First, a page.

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LARGEST SWORN CIRCULATION IN NORTHERN INDIANA.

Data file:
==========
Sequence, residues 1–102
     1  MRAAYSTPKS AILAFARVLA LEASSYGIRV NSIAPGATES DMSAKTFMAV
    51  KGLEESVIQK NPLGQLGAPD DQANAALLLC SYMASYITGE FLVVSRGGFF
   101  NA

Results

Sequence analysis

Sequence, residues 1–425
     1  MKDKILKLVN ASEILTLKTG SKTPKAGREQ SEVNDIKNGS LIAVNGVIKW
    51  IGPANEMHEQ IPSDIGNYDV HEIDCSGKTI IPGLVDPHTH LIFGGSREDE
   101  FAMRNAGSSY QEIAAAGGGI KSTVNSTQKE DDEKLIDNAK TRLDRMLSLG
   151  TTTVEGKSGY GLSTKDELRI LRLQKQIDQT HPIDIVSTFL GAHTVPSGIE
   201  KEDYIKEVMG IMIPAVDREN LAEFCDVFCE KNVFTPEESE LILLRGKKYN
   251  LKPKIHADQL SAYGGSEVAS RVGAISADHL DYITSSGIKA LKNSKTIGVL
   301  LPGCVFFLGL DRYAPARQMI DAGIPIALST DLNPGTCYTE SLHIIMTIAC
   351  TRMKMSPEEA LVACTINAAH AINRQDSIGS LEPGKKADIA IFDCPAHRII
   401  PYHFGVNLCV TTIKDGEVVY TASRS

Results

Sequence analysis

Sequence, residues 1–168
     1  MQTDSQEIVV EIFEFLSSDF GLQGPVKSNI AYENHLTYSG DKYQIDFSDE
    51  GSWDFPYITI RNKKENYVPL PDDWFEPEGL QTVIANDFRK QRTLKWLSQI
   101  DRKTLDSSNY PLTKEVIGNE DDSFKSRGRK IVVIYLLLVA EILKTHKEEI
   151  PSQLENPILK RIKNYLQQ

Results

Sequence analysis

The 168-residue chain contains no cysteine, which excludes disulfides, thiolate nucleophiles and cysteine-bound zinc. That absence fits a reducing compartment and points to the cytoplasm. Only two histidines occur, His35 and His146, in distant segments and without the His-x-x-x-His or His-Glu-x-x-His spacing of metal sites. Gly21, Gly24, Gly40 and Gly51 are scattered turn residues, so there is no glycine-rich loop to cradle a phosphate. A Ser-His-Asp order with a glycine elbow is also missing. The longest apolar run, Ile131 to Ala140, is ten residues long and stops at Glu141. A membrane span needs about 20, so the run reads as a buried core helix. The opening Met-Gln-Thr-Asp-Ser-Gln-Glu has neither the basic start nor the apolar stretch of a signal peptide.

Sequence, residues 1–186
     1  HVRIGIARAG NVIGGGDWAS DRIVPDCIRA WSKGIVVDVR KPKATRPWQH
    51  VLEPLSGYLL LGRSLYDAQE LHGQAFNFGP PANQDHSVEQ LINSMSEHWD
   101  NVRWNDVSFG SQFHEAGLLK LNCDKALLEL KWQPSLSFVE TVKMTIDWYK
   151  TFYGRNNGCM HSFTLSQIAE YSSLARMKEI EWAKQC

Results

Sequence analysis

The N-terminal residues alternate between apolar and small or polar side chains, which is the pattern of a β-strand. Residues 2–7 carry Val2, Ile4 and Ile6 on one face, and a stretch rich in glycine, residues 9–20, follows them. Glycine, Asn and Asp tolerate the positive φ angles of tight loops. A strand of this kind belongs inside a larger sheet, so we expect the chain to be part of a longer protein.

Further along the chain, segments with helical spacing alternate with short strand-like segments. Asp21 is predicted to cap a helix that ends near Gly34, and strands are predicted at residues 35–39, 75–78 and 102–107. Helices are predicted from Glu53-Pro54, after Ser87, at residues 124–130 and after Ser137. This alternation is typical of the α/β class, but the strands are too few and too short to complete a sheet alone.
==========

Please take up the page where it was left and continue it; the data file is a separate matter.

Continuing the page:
FTERMODN Edition tiii: vuTin:i:. INIdANA Cloudy to night anil W-dn" May ; ;r t: bly I . .il srj'w or rains; nMcr i:i south to night. I'Wf:i: MICHIGAN CIiilv tonlcht and Wed nesday; probably ltM.nl sn u . s . AVERAGE DAILY NEWS-TIMES CIRCULATION FOR DECEMBER WAS 15,879. READ THE 'WANTS' VOL. XXXn., NO. 33, SOUTH BEND, INDIANA, TUESDAY, FEBRUARY 2, 1915. PRICE TWO CENTS S OXTTH BE NB WE WS-TIMES. rinuT curiftino im riuii i ovviNbdiiii i BRITISH FAVOR ON LA BASSEE FRONT French Official Statement Says Terrific Engagement Ends With Tide Against Germans Who Abandon Trenches. ARTILLERY BOMBARDS BELGIANS IN FLANDERS Big Guns Direct Heavy Fire Against Points of Support Recently Captured by King Albert's Troops. PAKI.S, Fob. 2. The tide of battle nn the IjaHassec front, in northern France, has swung in favor of the Hritish after a terrific encasement. The olllcial statement issued by the war ofllco this afternoon stated that the Germans launched a fierce assault against tho Urilish lines at Guinehy, near IalJassce, but the Iiritish rall.ed and in counter attacks not only re trained all the ground that they lost but took some German trenches in addition. Heavy French artillery is bombard ing the railway station at Noyon, where the Germans were carrying out commissary work. In "West Flanders German artillery lias been carrying on a severe can nonade against Belgian works. The ctticlal communique follows: "The day of Feb. 1 was marked by an increase of the intensity of the ar tillery duels on both sides. lt wa-s also noted by a series of German attacks of 'secondary import ance which were all repulsed with heavy losses to tho enemy in propor tion to the forces engaged. Artillery is Active1. "In Belgium the German heavy ar tillery has shown a great deal of ac tivity upon tho whole front occupied by the Belgian troops and especially against the several points of support which they (the Belgians) had cap tured some time ago. "In the region of tho Yser around Vpres, very' violent cannonade has taken place. "From the L,ys to tho Somme, a German regiment attacked an English post near Guntenehy and succeeded in throwing back the English but the British by a series of counter attacks reoccupieel the ground lost and then mado some progress, capturing some af the enemy's trenches. "Tho action referred to in the com munique of Feb. 1, 11 p. in., as hav ing taken place along the road from r.rthuno to IaBasseo was particulaily brilliant for our infantry. The num ber of troops employed by the (Jer mans in this fighting seems to have been at least a battalion. The two opening attacks were checked by our tire; the first succeeded in entering one of our trenches but a counter at tack made immediately with the bay onet permitted us to repulse the en emy. Some Germans alone succeeded in regaining their trenches. All the others were killed or made prisoners. "Between the Sommo and the Oise and along the front of the Aisne no important event has taken place with the exception of the German attack made upon Beaumont-llamel which was not renewed. Hombanl Knllroacl Station. "Our heavy artillerv has bombard ed the railroad station at Noyem where the enemf was carrying out his commissary work. Our guns caused two explosions, the smoke of which hung in the' air for more than two and a half hours. "In the region -sf IVrthe our meth odical progress continues. We have occupied another small forest to the northwest of this village. "In tl5e Voevre tho enemy has at tempted an attack upon the western corner of the forest of Bouchot. to the northeast of Troyon. This attack was Immediately stopped. "There is nothing new to report on the front of Eorraine or of the Vos ges." Fire set by German shells Is sweep ing the city of Thann. in upper Al sace. which is now held by the French, it is reported from Belfort Artillery duels are again raging all along the lit e. In the Vosges and in Alsace Irralne the i gun combats are going on in a blinding snow stoim. Engineers Hart Hit. The German engineers and sappers attached to the German army of the Aisne have suffered heavily from the French cannonade directed toward now German trenches which were in the course of construction. French marines have been sent to reinforce the Belgian troops in West l "landers. Fast of Amiens, near Albert and on lie I.aBassee canal the German in fintry attacks against the first l.ne French nd British field works have been repulsed and the corpses of men who fell in the lighting on Fri day and Saturday still lay upon the muddy battle field. ALFALFA WILL BE TOPIC AT COMMUNITY MEETING Alfalfa culture from the time of its ceding to its harvest will be the cen tral theme of dismssion Wednesday at the regular session of the Clay and He.rris township community center. The meeting will be held at the Stor school house. The history of alfalfa, its distribu tion, adaptability to various soils, fer tilizing, drainage, seeding, inoculation, treatment" will bo dieused in Th rirst part of the program. The second prirt will be devoted to the various foo.J propensities it has. the .arletie.i and enemies ! CHARITY WORKERS MEET TO DISCUSS MEANS OF RAISING EFFICIENCY Representatives of the various as sociations of the city met Tuesday forenoon with Township Trustee Klinger for the purpose of evolving some plan whereby the charity work in the county may be carried on with fewer losses. The meeting lasted during the entire forenoon and It was agreed among other things that a meeting should be held each week so that the work of each organization could be compared and checked. The meeting came as the result of losses which the various charity or ganizations have sustained through the operations of innumerable per sons who have made it a habit to se cure clothing and food from various sources .it the same time. It ha been found that many families have second good living by thus imposing on the good will of the charities. The plan of the organizations to work to gether will preclude chances for this sort of operations. FACTORY HEADS DENY Humor That Discharge Will Fol low Drinking Fails of Con firmation. Contrary to denials and evasive answers the rumor persists that the factories of South Pend have gone on the trail of John Barleycorn. In fact, the rumor stage has been outgrown and Hat statements have been made by employes of one corporation that beginning Feb. 1 the edict went forth that the ban was on liquor. It was stated by these men that bulletins had been posted to the effect that if any man in the employ of that cor poration were caught going into or coming out of i saloon he would be immediately discharged. It was fur ther stated that the word had been passed around that similar bulletins would find themselves in all of the factories of the city. A. It. Frskine. tirst vice president and treasurer of the Studebaker cor poration ilatly denied that such a move had been undertaken in the cor poration he represented. It was from Studebaker employes that the tirst re port emanated. That no such move had been con templated at the Oliver chilled plow works was the statement given out there with the .added comment that such tactics would not be fair, to "lire" a man Just because he took a drink would work more hardship on the man's family than on him. At the Stephenson underwear mills neither denial ncr affirmation would be vouched. Ignorance of any such action as re ported was the gist of the answer made at the South Bend woolen mills. B. A. Birdsell, president of the Birdsell Mfg. Co., said no action as reported had or would be undertaken at the wagon plant. J. Q. Ames, general secretary of the Y. M. C. A.) who has been one of the local leaders in the anti-liquor fight, said that although he had not heard of anything dcllnlte along the lines reported, he believed some drastic steps were under way. "And it's the only way tho thing can be stamped out," he said. Rev. John S. Burns of Trinity Pres byterian church, who has been promi nently connected with the anti-liquor forces, would not commit himself on the report either way. WILL PUT ELECTION OP TO PEOPLE EFFECTED Ralston Says He Will Follow Constituents' Desires in Fleming's Resignation. INDIANAPOLIS. Feb. L For tho iirst time since the resignation of State en. ,S. P. Fleming of Allen and Adams counties. (jo. Ralston today made a direct statement of his in tention to act In tho matter. "The law," said the executive, "says an election shall be called to choose a state senator in case of a vacancy such as has been created by ,en. Fleming's resignation. But at the present time bot-h counties which were represented by him are being represented in both houses. From all Indications the people of these two counties are unwilling to bear the ex pense of a special election to choose another senator to take sen. Flem ing's place. I will be governed as far as possible by their desires." The governor said he implied in his statement that there would be no special election unless the people of these two counties took tho initiative anil demanded some action. Flem ing's term will expire with the close of this session of the legislature. A successor would be elected at the next regular election and in this manner, the governor explained, no extra expense would be Incurred by the two c unties. GIVE LECTURES IN WELLS-FARGO OFFICES Cvery oili'-e cf the Wells Fargo Rx press V. in the Fnited States was closed to business at 1 o'clock Tues day afternoon while for a half hour employes listened to lectures on sub jects pertaining to the transportation business. The lecture was delivered at the ornee in this city by c. n. Gdarner. route agent from Chicago. This giving of lectures at the same hour in the various others is an in novation which has b en tried only to a limited extent heretofore. Tueday the lectures were given at the same hour in 9.00v) a Rices and were heard by nearly 2f,00 employes. The pur pose of the plan is to acquaint the employes more thoroughly with the principals of the expres business. LIQUOR BAN REPORT GERMANS LAUNCH ANOTHER DRIVE AGAINST WARSAW! Great Battle Develops East of Lowicz in Poland Where Teu tons Attempt to Divert En emy From East Prussia. PIITRf GRAD, Feb. J. Another great battle has developed e;ist of Lowicz in Poland where furious at tacks and counter attacks have been in progress for three days. In an olllcial statement issued today, it was admitted that, on Sunday the Rus sians holding the front near llolimow were driven back from their first line trenches, but later they regained some of them. The German losses are described as colossal. The forces of Field Marshal Von llindenburg drove their furious assaults against the Russian counter despite . the pounding of the Russian artillery. The lighting in that region indicates that the Germans are trying to launch another drive against War saw to dicrt the Russians from their operations in East Prussia. The statement says: "German prisoners report that the Germans last week lost oer tj.ooo killed and many prisoners. In the Carpathians the Russians captured 7S officers and 4,065 men and took 10 rapid-fire, guns and 10 cannon. "On Sunday The Germans concen trated a great force with artillery in the region of Sochachzew, Borjimow, ami developed an offensive of great tenacity which compelled us to retire to our second line of trenches." Turn Germans Out of Trenches. "Counter attacks by the Russians turned the Germans out of all the trenches they had occupied, causing them colossal losses. Simultaneously with the Borjimow attack the Ger mans carried out a series of determ ined assaults along a front from the village of Gouime to tho hamlet of Moghelj, these being supported by heavy artillery lire. We repulsed all! these attacks partly by artillery and rile lire and partly by the bayonet. "Between noon and 2 o'clock Sun day afternoon the Germans, thanks to the activity of their artillery against our trenches, succeeded in carrying a part of them. At 2 o'clock we began a general counter attack with the re sult hat toward evening on Sunday the enemy retained only a small part of the advanced trenches and a castle. Thus the German successes on Sun day in the vicinity of Borjimow was insignificant compared with the losses sustained by them through our tire and bayonet attacks. According to our military commanders our artillery Inflicted immense damage upon the Germans dispensing great gatherings of the enemy and reducing to silence a numberof German batteries. As a result of this we were able to with stand the withering tire of the enemy. "Fighting continued in tho Carpath ians. "We continue to advance with suc cess along the Nijnla-Polianka Budo viska front. "After the fighting in the Iapno Dobrzln front it required GO carriages to remove the enemy's wounded. Ixso 0,000 Men. "German prisoners taken in ,he Borjimow district say that the Ger man attacks on this front overi dis tance of one and one-half kilometers long', cost the Germans, between Jan. 23 and Jan. 30, over 6,000 killed, be sides many wounded. In the Car pathians from Jan. 36 to Jan. lm on the Ninia-jPolIanka-WysIok front we captured 7S otlicers and 4, ;." men and took 10 rapid-lire guns, an 1 four cannon." Appended to the official statement was the following note: "The severe encounters on the Soohaczew-Bolimow front and on the Rawka and Bzura rivers indicates that the Germans are making another at tempt to move on Warsaw. The fccene of the lighting in this region is about 30' miles from Warsaw." SENTENCES S0SN0SKI TO THE REFORMATORY Youth N (ilveu Indeterminate Sen tence for Grand Larceny Com mon J-iu Decides Question. John Sosnoski. 23 years old. was sentenced to serve from one to 14 I years in the reformatorv Tuesdav i i - . . . . morning oy juage i-orej. The defend ant was also lined one dollar and the fine was suspended. Sosnoski had been found guilty of robbing the saloon of A. G. Schultz at New Car jisle and securing Jewelry and 47.60 in cash. The prosecution was con ducted by I-jr.iet N5 c. A sealed verdict was brought in Monday morning. Tuesday morning a motion was made by counsel foe the defendant that the verdict h set aside on the grounds that the jury was not present when the verdict was read. Nye objected to this on the grounds that it had been agreed that the jury should disband after coming to a decision. The objection was sus tained. The case developed an interesting point in that there was doubt as to what should be done with the money which was claimed both by the de fendant and the complaining witness. The contention was made that as property was involved civil action would need to be brought. The ques tion was a rare one arising out of the circumstance of the alleged stolen property being found on the accused. A decision was reached through a common law decision giving th judge in such a case the right to en ter an order directing the sheriff as to the disposition of the property. The property in this cas,- was given to Schultz. An appeal may be taken by J. B. WypNzynski. for the defendant, on the grounds that the only agreement was that the Jury could disband after the verdict was read and that tb" absence of the jury makes the verdict void. T t . r 11 . I jL-aiest JDuiienns From War Zone Pi:TKOGi:Al. Feb. 2. Sev enty thousand Turks were killed, wounded or taken prisoners by the Russians in the decisive but tle in the Caucasus, w hich ended with the route of II river Pasha s army at Karaurgan and Sary Kamisch. These ligurcs are given the Bourse Gazette, one hundred and sixty thousand residents of Persia and Turkey have been left homeless through the devastation of the country by the Turkish armies. P. Kit UN i Via Amsterdam, i Feb. J. Krench aeroplanes have bombarded Muelhausen and Relchweiler, in upper Alsace, doing heavy damage, says a dis patch to the Berliner Tageblatt from Strassburg. At Muelhausen the aviators concentrated their fire upon the railway station. Although chased by German air men the French aviators escaped. Reichweiler is three miles north west of Muelhausen. COPFNHAGFN. Feb. 2. .Lieut, von Kluck, eldest son of Gen. von Kluck, commander of one of the German armies in Prance, was killed at Middle- kircke in Belgium, during a bombardment of that port by British warships, according to in formation received here today. Lieut, von Kluck was L'S years old and was attached to the naval marine service. MAYOR HEARS EVIDENCE IN A. C. THATCHER CASE Saloon Iroprietor May Lose License as Result of Petition Hied by Chief Kerr Oilicers Testify. Mayor Keller heard the evidence Tuesday morning in the case of A. C. Thatcher, Michigan st. saloon propri etor, whose license may be, revoked as a result of a petition to tha effect filed by Chief of Police Kerr. Patrolman Cutting and Detectives Diver, Lane and Shirk testified that the violations had occurred on Nov. 27. 1114, and that Thatcher had been lined on that oc casion. The eomplaints of the petition were corroborated, it was said by the mayor, by the officers. It was brought out that Thatcher had also violated the state liquor laws in July, i:14. .lie entered no defense. Mayor Keller reserved his decision in tho matter until Wednesday morn ing. City Atty. Seebirt was not pres ent. SUES J. H John 11. Quilhot, vice investigator, has been sued ir, the superior court for $ 1.", 00 0 da ma pes by Frank La Point, cigar manufacturer, 324 N. Notre Dame av. The plaintiff is rep resented by Jellison & Jellison. The charge is that Quilhot misrepresented himself as a cigar salesman by the name of John Gillett and through his operations as a detective put the plaintiff and his business to ill re pute. AGED LIVESTOCK DEALER DIES WHEN HOME BURNS CHICAGO, Feb. John J. Law ler, livestock commission merchant at the stock yards. w;ts in Mercy hospital today suffering from serious burns as the result of his attempt to rescue his father from llames whicli destroyed the Lawler home last night. Michael (. Lawler. his father, perished when the younger man's clothing became ignited and he fell down the llaming stairway while carrying his father. Iawler, senior, was xj years old, and a pioneer livestock dealer here. BUREAU REPORT SHOWS NO DECREASE IN THE NUMBER OF UNEMPLOYED Figures gathered from the Indiana free employment oilice show that there is no diminishing of the number of unemployed men in the city. Dur ing the month of January there were 472 men who applied for jobs and of these there were J0 who were given places. Th-re wire OTj persons who made application for men. On the other hand there were 110 women who applied for work and of these there were 4S who were civen work. There were .".4 persons who wanted women to work for them. Asst. Supt. Hess finds through his work with the unemployed that there is a willingness to do whatever work can be found to do but that there is a great scarcity of odd job' to be found. It is particularly noticeable this winter he declares, that men of business are catting down expenses in every wav possible in order to tide over the winter and are doing work themselves that ordinarily would be done by the odd-jo' man. Apparently there are mo.-e men who are remaining on the farms this winter than has been tlo case during any pervious winter. Th" only rea son that there are more applications for help than there are places tilled is the fact that expert help is wanted whereas the majority of the men out of employment are the unskilled. A to the women it appears that an elderly woman can very easily get work as there are many applications for such to act as companions and housekeepers. Apparently the servant question is not so burning as in years l ast for the calls for servants are few. This is dae somewhat. however, to the fact that those girls who apply to the free agency are generally foreign born and arc unacquainted with the methods obtaining in homes which boast of servants. I . PUT FOR 15,000 DAMAGES SENATE RECEIVES MRS MILLER'S BILL 01 9-HOUR Oft Van IMuys Introduces Measure Drafted by South Bend Wo man to Relieve Labor Condi tionsBattle Over Rates. ANTI "BLACKLIST" BILL IS ON THIRD READING Measure Passes Second Read ing When House Adopts Fa vorable Report of Committee Refer Westfall Bill. IXDIAXAPOIJS, Feb. C Although the Waltz railroad bill providing for an increase of one-half cent in pas senger rates in Indiana, has not been considered at any meeting of the house committee on railroads, the in dividual members of the committee are being besieged by friends and op ponents of the measure. Tlie majority of letters received by the committee favor the bill. 1 The greatest opposition is being found in the rural districts, where the opinion prevails that the railroads al ready are getting enough revenue for carrying passengers. Hep. Waltz is preparing statistics to pit against statements that the railroads desire the increase in order to pay dividends on generously watered stock. In 32 cities in Indiana civic, organi gatlons have adopted resolutions in favor of the bill. Among the cities are Richmond. Hammond, Clary, Lo gansport. Indiana Harbor, Whiting. Crown Point and Laporte. Warsaw, Hartford City and Madison. Public meetings arc being planned in prac tically every city and town in the state to consider the proposed fare in crease . The house committee will not make any report on the bill, although it is known a majority of the mem bers favor its passage, until after a public hearing has been held. lroonts Nine-Hour Hill. In the senate this morning. Sen. Van Xuys offered his promised bill provid ir j for a nine-hour working day and 50-hour week for women workers In Indiana. The Van Nuys measure which wvs drawn by Mrs. w. K. Miller of the commission appointed by Gov. Ralston to investigate wom en's working conditions, provides for one half holiday a week. Rep. Rule's abatement bill making owners of houses used for immoral purposes guilty of a misdemeanor, was reported favorably in the house todaj'. Minority I,eader Fschbach's meas ure on the licensing of motor vehicles making fees payable to the county treasurer instead to the state was favorably reported. A favorable re port also was made on lie p. Ilagerty's bill providing that a person convicted six times of drunkenness may be sentenced to the state penal farm or the woman's prison. Liquor Question. For the first time during the present session of the legislature the liquor question became an issue today with the introduction by Sen. Krau of Elkhart of a bill affecting elections to determine whether or not cities and towns shall be wet or dry. The Flkhart senator's bill would provide that one petition tiled with the county commissioners, an election would be called within 20 to 30 days. It does not require ar.y certain number of signatures to the peti tion, but stipulates that sullicient money shall be deposited to pay the costs of the special election. The measure provides that if the election goes in favor of the drj.s all liquor licenses granted after the tiling of Uie petition shall be foreclosed and money re funded for time the licenses are not available but the holder of the license is given 10 days in which to terminate his business. The bill would not affect the holders of licenses granted prior to the filing of the petition, ex ept that renewals would be con sidered as new license?. Agitation following the introduction of a bill to limit the salary of the Marion county prosecutor resulted to dav in the offering of a bill by Sen. Flkman to make the salary of every prosecutor $500 a year in addition to fees to which they are now entitled, except in judicial districts compris ing three counties where the salary shall be $1,5 00 and two counties $1,000. Would I'xeinpt Uoiid. A bill to exempt from taxation bonds issued by the Y. M. C. A. and the Y. W. C. A. wa-s offered by Sen. White. Sen. Lantz introduced a measure to allow cities of the fourth and fifth class to levy a tax for the maintenance of municipal hospitals. The house today passed the Van Horn bill providing for the prosecu tion of all criminal cases except mur der and treason during court vaca tions. The vote wa-s 6S to 25. By a vote of 80 to 11 the house passed the M.Culloch measure prohibiting the killing of game birds in Indiana for a period f six years. The house also passed the Kinder measure permit ting the erection of coliseums in cities of "from r.O.ooo to 0.000 inhabitants. Adopt l,aora.ble l!eiort. The house Monday afiernoon adopt ed the favorable report of committed on the Kvelo bill, which provides for employers giving references to em ployes when the latter leave their ser vice, and which is aimed to do away with the "blacklist" among employ ers. The bill passed second reading. The Dunmir bill, amended in minor particulars, which would provide for the annual licensing of all commis sion men by the secretary of state, came out on the Uoor of the house (.CONTINUED ON PACK 12.) COURT SENTENCES GIRL Theresa Iloldizsar Sent to sc hool at (IaifinoiH. Theressu Koldizsar. 12 years old. living at 102 S. Kimball st.. was sen tenced to the Indiana Girls' school at Clarcmont onday by the juvenile court. It is said that the girl during last two years has refused to remain at home, but has mada it a habit to run away on occasions and frequent places unknown to her parents, she il at the Oliver school has been a pup where it is said the teachers could tb nothing with her. STUDEBAKER DIRECTORS DECLARE A DIVIDEND A dividend of 1 ::-4 per cent was declared Tuesdav by the Studebaker corporation to its stockholders. The annual session of the directors v.a held at the South ltend oltices during the day, the declaring of dividends being the feature. Routine busimss was the order of the day announced A. K. Erskine. iirst vice president and treasurer. The dividend declared is payable on March 1 to all stockholders of rec ord on Feb. 10. stated Mr. Frskine. GET 10 PROTESTS Wilson Gays Conferences With Diplomats Have Revealed No Objections to Measure Now Pending in Congress. WASHINGTON. Feb. 2. The ship purchase 4ill is not doomed to defeat. Pres't Wilson indicated today. He! stated that the bill had been the sub-j ject of various conservations between the state department and diplomats j that no protest of any kind had been made by European nations against j the prospective purchase of foreign j ships. The president expressed thej hope that the progressive republican J will support' his measure when a few 1 amendments are made to it that arej not inconsistent with the purpose ol the bill. He told his callers that the bill ultimately will be passed. He made it clear that he was willing to have the ship purchase measure amended provided the amendments did not alter the general purpose of the bill. He would not commit the senate democrats as to the amend ments, however, and said he was not e xpressing an opinion as to whether the amendments would be acceptable to them. en. Kenyon of Iowa, and Norris of Nebraska, two of the strongest 1 progressive republicans in the senate1. ! conferred with the president and it i understood that a general course of action was agreed upon. The presi dent showed to them that the bill as it stands meets many of the objee tions which they hae urged against it. The e prcsmem noes not mink tnai any democratic vote will be- iest by the amendments which hav e ben proposed. Te the best of his knowl edge, he? adelcd, few ef the German ships interned in American harbors' were' of the tramp type, and indicated j that the Fnite-d States could build 1 steamers m tne same tpe witnm a short time. Fnder the ne-w alignment of forces in tlie senate, the administration leaders admittol they were outnum bered lv two vote's anil were be'ate-n unless they cemld win over sme of the pregrcss'ivo republican senators by making concessions in the i'erm j or amendments to the lull. onse ejuently the- caucus was calb-d t con sider the overtures te lie made-. It is understood that if the admin istration will strike fre.rn the bill all reference to leasing and provide for government ownership and operations of these1 shins and orohibit theinir- OVER PROPOSED 1 SHIP PURCHASES! chase e,f vessels of belligerents n.-wt''d 'ogethe-r by tlie tr.igno-ids and interned. ens. Plapp. Craw -ford. ,v lh' -', ''! '1- N"t only v.a- tb Kenvon and NorrU will sunt.ort the' 'bird pb-r. that toward Co- e'ai.adiai. bill. Thev are listed as prgre-ssive repuouoans. mi they- four the line up weuihl staml u to 4" in favor of th bill provide! all de-mo- crats as thev hd veste-rdav AGER CASE CONTINUES. QUILHOT STILL MISSING. SUBPENAS ARE UNSERVED Witnesses for the otfte In the cae against Crank Ager. r bar gee! y.th maintaining a house of ill fame, v., re heard during the e ntire fore ri-en Tuesd.'V-" n no superior cemrt. J. H. Quilhv. vice investigator, who has been ibpenaed by both the state- anI the defense, did not appear eluring the feerenoon. It was stated by oiticer that he was seen to return to his home on Vistula a v. Momlay night, alb r having been away all day. It was said by some that he had h--n in Jackson. Mich., since Saturday. The witnesses heard in the Ager case Tuesday were- members .f th police force and persons living n ar the Ager place, who tetind against the character of the pe-oph freuu- nt ing the house. Pedicewoman Fvans . . -.1. was one who lesuneo against. tne I tie i character of girls who hal been sr-n to enter the house. , FIND $1,200 ON BODY OF DOG ACT OWNER CHICAGO. T-Vb. : Twelve h :n dred dollar in curren-y r. nl g il. found on the body of Frank F.-irn. owner of a trained elog act. will be turned over to hi- widow today whec she arrives from IJoston. The police found the money when thev e-arri"d the body to the morgue. The dog--ar1 being kept in the rooming houo where Durns was taken ill GAWADIAW PACFIC BRIDGE WRECKED: ARREST GERMAN Span Over St. Croix River From . Vanceboro, me., to McAdam Junction. N. B is Dynamited Supposedly to Stop Supplies. U. S. AUTHORITIES TAKE SUSPECT IN CUSTODY Police Say Teuton Officer Has Admtited Act, Declaring it a Blow Against the Kaisers Enemy. PORTLAND. Mc FeH. A Cerman otheer named Horn hs been arrested in c-o:me-tion with tlie blowing u; f the railway bridge over the Si. Croix river at Yanciboro. early lay. Horn wms arrest"! on Fnited "'rites soil near anceboro by State Came Warden tit ore W. Ross. He was taken to Y.uue boi o where he wa.3 cami.i d ) v otlbia!. of Washirgt'n eiuinty. Acting lost. Atty. Chapman of Portia J was at onco- notified of Horn' arrest inel at t.c s. :-.. time iho federal autVorims wcre apprised of the situation. It H likely -hat international coir. liga tions .vill ensue. Hon., tln prisoner, was asked wji he bail dynamited the bridge-, and made answer, aecurdinu to tlie polh e, that his country wa at war with Creat P.ritain and Can ada wa.s a part of the enemy's country. He stated, according to the ej'bcers. that he came fimi New York Saturday and put up at the- be-st hotel. H- r -turned ti the hotel, th" poli e .vaid im mMliately after tho explosion, but wa out long enough to suffer a frost-bjtt-n thumb. Apparcntl he fell in the rive-r. for his cloth ing had h-en soake-d through and frozen on him. The' suspect i beiiiL: held in close custody, lb told the- author ities in broken Fn-lish that his full name-d is W'e-rne-r Van Horn. It is believed That tlie plot was hatche d in New York as a .-ketch f the bridge- toge-ther with a Ccr man tlau. was found in tlo pris- e'Il( I'S pocket. YA. 'i:i:oit . Me.. Feb. J. The jste-! brh'go ov-r tin- St. e'roix nver f,,,m Yam e-:., o M.iito-. to McAduii Junction. N. 11., an important link in the Canaelian Pa ilic railroad o r which niov ..f tlo- war shipme-nts of food and hoist s have' b e-u s ni ' St. John. N. 15., wa- lii'iu 11 up hoftl after 1 oYhn-k tnis morning by e L i llians r lit riM.iii sympathize-r-. ac cording to '.lie be die f of the liilw;e e illicia I . The flCl'Ttl otl- of the- thtee Mo!). JUetS whhh SUppol't the- 'uid'-e W.iS destroye-d by some- hm'l e-dje with a ei-t on.i t ion whhh r.-k.-d tin house- in Yar.ee-bot i. sb.att earing th windows of the railroad M it;oi at; alarming the residents or. tile ".1 nal ia n side- o' the ri e r. Til: Me gird'IS e.f The- spa r.s at th- an.olian ro! brelge we s'rair.e d enit tWo th ha pe. Mid of tile- ill idge- e eUIlble-le I'o'.'iol vot-yiom 11 i .-;: . 1 th.; t.-o- .-tiai!,:iiu J the st.-d strui tur- ha damage-,! I g te a t efe-nt the- standing pb r-v Ne-ith'-r tlo- M.-.ine- e'e.-itta! Canadian Pao-ih- railway 1 an the ! 1 1 .1 any noetic-- for the- wi'M-;u:,: br:lg e.the-t than ni,,- :iMir.g tiie- war. The-i- ha- b--n mi f th in. :a - uai 1 eif Canadian - 1 1 i-1 - j 1 dutv a t K. bridge. Pailio.o! t?:-n intimate- that Germans e r C-i mai! :n;- pat h:z-i e-17e-d tiie- ..Jej.iiirill.it -v. a stormy ni-ht at n t;n-- w h-n Jr.w!'..- o-j- tb- I 1 1 bridge- w;i slack, to nt into t b' etl -1 T Si t ra lisporl a t .on I ; i - , , r aeia has be a - n , , , , i . pfee i-lol.s t j! o pe- fi u U I a I Jejh ns. Sav Iliielg Wa- ) tut oiiteel n n .it e- i.- "The br idge- v. .' Supr. Cr.c.t e.f tl. a . !- ! e i t..i ! .a ti l who is in dire'-; cbar-e- ; ni' t he- r.i.nl in h 1 1 ! i t ; i- . : uate-d. "The- east rri -h'l t :i w a s re. ke d by a ! Ml . . with a time- J.:-e-. pjoiai.ly bfr- th - i -I-: i . The:, a g ! r -1 el at v at ; h- i : cl the day. ;iral night. The- ;. I t.'la r i d t-- - a lias . t e Lt -.! tl:' i,.,, . ri ; : n i . 'Ill ha I .' Tl i'-;r.iig t v . . !l l 'V , . ---wi-i a.- . a:.a.l:a:. to- wo.v- ,,n m- , n;e-i c a :i .-co oi r M iie-r touh! erbtain an. tra- e.f th'--wiio might hae- b.--n r-"!'cti'.!e- th epl'eae. p.- h;.:!i w no! t ; the falling sr:'v.- obht-rate-d a prints that mi-h ecJi-r-v :- 're-d alu:bl .a runnm- ". a C .T!Xl'i:J c i.Y 1 agj: oniric A pplie-at ion PPI.Y roi: .ion. 1 1 a - ! r e - ; i mail-- t t h " county cmmi-t'ner b Walter Si hultz and if, for tl.- jn-:to.n -f on-j oel ia n f the- p ibi-.e comfort ta- tion.